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Every quarter, many money managers have to disclose what they've bought and sold, via "13F" filings. Their latest moves can shine a bright light on smart stock picks.
Today, let's look at Westfield Capital Management, an investment advisor serving institutions and wealthy investors. It employs deep fundamental research as it seeks out stocks that are underloved by the market, and its funds have outperformed their benchmarks, on average, since inception.
The company's reportable stock portfolio totaled $14.7 billion in value as of March 31, 2013.
So what does Westfield's latest quarterly 13F filing tell us? Here are a few interesting details:
The biggest new holdings are Actavis and Axiall. Other new holdings of interest include AbbVie (NYSE: ABBV ) . AbbVie is half of the split-up of Abbott Labs, retaining the pharmaceutical business, while Abbott focuses on medical, diagnostic, and nutritional products. Some worry about its heavy debt or the impending patent expiration of its blockbuster drug Humira, which is on track to become the first drug to generate more than $10 billion in annual sales. On the plus side, though, AbbVie generates about $18 billion in annual revenue and more than $5 billion in annual free cash flow. It has other drugs on the market, too, and more in its pipeline, tackling Hepatitis C, among other conditions. (A Hep C treatment just received FDA breakthrough designation.) It also sports a 3.6% dividend yield.
Among holdings in which Westfield Capital Management increased its stake was American Capital Agency (NASDAQ: AGNC ) . American Capital Agency is a mortgage REIT with a tantalizing dividend yield above 16%. The company's CEO is well respected, but some worry about rising interest rates and mortgage REITs losing a valuable tax advantage.
Westfield Capital Management reduced its stake in lots of companies, including NXP Semiconductors (NASDAQ: NXPI ) , which specializes in near-field communications (NFC) chips. Some of its chips aid digital video surveillance, while others can help cars talk to each other. NXP's NFC business has been growing briskly, and while there is competition from other firms, management sees that as a good sign and recently offered rosy projections.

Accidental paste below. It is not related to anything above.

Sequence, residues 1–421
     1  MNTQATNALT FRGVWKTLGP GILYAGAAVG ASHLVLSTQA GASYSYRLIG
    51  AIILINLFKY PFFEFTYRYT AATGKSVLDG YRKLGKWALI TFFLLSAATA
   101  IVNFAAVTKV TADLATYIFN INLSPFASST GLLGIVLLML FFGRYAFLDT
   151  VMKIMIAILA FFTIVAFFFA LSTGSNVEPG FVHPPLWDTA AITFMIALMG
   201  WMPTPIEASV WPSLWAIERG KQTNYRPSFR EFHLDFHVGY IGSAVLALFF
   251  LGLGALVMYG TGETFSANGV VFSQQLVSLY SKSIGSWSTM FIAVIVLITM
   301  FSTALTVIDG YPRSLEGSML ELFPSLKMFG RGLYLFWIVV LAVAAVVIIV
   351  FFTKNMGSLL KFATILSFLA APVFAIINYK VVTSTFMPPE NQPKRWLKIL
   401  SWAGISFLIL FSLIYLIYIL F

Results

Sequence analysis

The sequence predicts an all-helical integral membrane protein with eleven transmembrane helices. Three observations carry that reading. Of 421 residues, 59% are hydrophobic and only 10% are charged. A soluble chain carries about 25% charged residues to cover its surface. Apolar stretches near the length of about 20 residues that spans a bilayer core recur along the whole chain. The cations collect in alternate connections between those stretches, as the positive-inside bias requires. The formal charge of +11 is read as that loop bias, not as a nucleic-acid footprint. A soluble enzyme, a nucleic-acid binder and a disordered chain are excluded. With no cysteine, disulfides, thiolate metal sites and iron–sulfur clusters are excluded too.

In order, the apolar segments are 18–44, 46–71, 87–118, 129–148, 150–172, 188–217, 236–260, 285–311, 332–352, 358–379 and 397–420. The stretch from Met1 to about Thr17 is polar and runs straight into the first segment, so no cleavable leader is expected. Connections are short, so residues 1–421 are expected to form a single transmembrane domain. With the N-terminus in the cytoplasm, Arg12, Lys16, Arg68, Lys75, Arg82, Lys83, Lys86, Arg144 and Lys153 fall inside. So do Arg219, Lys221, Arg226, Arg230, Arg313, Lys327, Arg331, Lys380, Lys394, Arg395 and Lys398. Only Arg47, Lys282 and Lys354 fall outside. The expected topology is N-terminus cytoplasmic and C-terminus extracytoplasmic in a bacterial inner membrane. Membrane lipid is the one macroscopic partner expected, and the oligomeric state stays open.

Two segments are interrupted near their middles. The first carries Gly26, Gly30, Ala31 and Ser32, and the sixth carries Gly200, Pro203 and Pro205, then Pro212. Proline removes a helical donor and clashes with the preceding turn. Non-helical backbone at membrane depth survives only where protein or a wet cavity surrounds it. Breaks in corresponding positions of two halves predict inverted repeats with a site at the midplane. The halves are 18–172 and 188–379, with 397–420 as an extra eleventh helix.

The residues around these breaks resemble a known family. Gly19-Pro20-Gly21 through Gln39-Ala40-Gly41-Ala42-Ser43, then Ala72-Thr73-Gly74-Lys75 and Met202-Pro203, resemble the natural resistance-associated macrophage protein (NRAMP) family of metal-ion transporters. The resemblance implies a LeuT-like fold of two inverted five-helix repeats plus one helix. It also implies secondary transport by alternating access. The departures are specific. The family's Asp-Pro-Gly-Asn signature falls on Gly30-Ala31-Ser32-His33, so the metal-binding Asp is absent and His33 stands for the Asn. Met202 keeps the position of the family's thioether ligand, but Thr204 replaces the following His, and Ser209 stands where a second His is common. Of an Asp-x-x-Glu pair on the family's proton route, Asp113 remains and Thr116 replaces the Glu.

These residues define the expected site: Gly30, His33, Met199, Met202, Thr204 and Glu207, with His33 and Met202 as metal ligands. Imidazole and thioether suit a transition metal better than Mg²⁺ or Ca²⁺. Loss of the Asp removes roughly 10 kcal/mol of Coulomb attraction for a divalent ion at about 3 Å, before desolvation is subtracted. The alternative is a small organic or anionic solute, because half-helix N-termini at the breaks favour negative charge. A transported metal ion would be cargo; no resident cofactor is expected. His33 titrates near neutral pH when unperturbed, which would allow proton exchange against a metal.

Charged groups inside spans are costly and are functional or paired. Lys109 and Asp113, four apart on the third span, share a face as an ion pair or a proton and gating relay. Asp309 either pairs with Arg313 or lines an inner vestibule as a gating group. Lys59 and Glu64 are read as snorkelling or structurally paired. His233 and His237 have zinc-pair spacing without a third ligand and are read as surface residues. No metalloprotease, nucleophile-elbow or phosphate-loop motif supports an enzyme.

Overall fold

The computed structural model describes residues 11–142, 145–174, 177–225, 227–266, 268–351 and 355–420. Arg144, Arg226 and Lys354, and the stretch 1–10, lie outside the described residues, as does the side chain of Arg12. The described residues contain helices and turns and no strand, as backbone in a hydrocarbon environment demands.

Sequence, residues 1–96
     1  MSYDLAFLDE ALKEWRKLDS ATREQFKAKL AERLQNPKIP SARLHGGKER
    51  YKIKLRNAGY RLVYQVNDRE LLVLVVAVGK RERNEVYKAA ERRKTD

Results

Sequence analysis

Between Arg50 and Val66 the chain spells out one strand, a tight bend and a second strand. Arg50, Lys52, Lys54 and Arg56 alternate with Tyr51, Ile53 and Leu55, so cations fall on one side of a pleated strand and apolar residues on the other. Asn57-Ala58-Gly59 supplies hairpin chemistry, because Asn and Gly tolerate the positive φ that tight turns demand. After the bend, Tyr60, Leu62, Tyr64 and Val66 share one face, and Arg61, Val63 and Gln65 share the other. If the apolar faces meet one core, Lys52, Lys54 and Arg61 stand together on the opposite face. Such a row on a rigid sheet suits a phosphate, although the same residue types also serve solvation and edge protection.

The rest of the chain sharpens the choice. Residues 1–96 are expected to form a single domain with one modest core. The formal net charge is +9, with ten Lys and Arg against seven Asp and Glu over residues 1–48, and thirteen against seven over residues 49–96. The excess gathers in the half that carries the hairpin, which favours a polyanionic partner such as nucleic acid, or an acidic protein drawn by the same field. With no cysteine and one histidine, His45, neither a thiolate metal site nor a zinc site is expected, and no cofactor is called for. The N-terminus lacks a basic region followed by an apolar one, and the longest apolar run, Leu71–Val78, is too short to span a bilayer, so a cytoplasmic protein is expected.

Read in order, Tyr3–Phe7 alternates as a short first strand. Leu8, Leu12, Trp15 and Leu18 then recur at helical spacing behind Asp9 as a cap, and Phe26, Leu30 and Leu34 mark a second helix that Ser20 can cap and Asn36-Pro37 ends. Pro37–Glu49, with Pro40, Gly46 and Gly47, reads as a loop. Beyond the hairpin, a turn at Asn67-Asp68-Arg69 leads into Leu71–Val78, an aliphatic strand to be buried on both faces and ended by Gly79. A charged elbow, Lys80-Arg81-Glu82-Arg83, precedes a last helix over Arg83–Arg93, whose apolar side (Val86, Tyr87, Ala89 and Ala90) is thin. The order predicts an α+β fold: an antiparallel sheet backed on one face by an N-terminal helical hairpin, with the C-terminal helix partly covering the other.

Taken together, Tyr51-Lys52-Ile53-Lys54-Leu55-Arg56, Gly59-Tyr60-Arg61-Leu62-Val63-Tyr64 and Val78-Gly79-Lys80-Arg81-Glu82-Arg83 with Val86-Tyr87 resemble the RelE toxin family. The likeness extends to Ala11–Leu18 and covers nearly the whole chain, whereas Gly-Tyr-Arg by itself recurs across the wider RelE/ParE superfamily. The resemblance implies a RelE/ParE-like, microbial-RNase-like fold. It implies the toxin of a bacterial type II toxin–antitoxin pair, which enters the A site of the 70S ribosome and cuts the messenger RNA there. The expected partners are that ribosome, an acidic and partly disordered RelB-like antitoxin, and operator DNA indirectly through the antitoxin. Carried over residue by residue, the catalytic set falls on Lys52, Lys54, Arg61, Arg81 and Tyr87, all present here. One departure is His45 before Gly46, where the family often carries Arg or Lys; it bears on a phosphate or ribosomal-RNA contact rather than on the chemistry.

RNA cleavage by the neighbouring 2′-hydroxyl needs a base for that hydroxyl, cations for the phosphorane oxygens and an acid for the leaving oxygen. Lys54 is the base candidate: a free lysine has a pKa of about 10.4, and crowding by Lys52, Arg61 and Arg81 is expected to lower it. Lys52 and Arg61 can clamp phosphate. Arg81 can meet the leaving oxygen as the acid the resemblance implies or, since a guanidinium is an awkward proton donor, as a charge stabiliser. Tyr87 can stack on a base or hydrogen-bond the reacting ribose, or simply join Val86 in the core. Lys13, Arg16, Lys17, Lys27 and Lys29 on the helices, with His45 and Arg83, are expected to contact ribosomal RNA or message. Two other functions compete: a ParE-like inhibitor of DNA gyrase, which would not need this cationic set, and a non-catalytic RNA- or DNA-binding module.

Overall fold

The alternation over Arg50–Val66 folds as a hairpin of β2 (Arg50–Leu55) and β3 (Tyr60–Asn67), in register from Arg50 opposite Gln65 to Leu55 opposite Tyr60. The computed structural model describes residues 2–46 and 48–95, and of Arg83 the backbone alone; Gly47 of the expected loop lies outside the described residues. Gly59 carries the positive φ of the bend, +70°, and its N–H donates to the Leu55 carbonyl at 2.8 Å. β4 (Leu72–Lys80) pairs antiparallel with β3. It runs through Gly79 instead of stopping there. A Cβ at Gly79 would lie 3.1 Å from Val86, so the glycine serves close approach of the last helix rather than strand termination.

Finally, Westfield's biggest closed positions included Ralcorp and Vertex Pharmaceuticals. Other closed positions of interest include Dynavax (NASDAQ: DVAX ) and JDS Uniphase (NASDAQ: VIAV ) . Dynavax shares fell sharply upon an FDA rejection of its hepatitis B vaccine Heplisav. The FDA left open the possibility of a more limited approval, but Dynavax now has more work to do, and it's burning cash while its revenue has been shrinking. Fortunately, it does seem to have have ample cash to keep it afloat for a few years. Investors are right to worry about share dilution, too. Dynavax has partnered with GlaxoSmithKline on Heplisav, and its new CEO hails from GlaxoSmithKline as well.
JDS Uniphase topped earnings estimates in its second quarter, but then disappointed investors in its third. Bulls are optimistic about fiber-optic demand but others see the stock flatlining on "anemic" sales. Management recently touted the company's innovation, though, noting that products less than two years old generated 64% of the company's core network-related revenue.
We should never blindly copy any investor's moves, no matter how talented the investor. But it can be useful to keep an eye on what smart folks are doing. 13-F forms can be great places to find intriguing candidates for our portfolios.
In the pharma business, great success comes with a caveat. AbbVie is a perfect example, as investors in the new company are left wondering what the future holds once the company's golden goose, Humira, is cooked. The Fool's brand-new premium report on the company answers the high-profile questions that AbbVie investors are asking. Simply click here now to claim your copy today.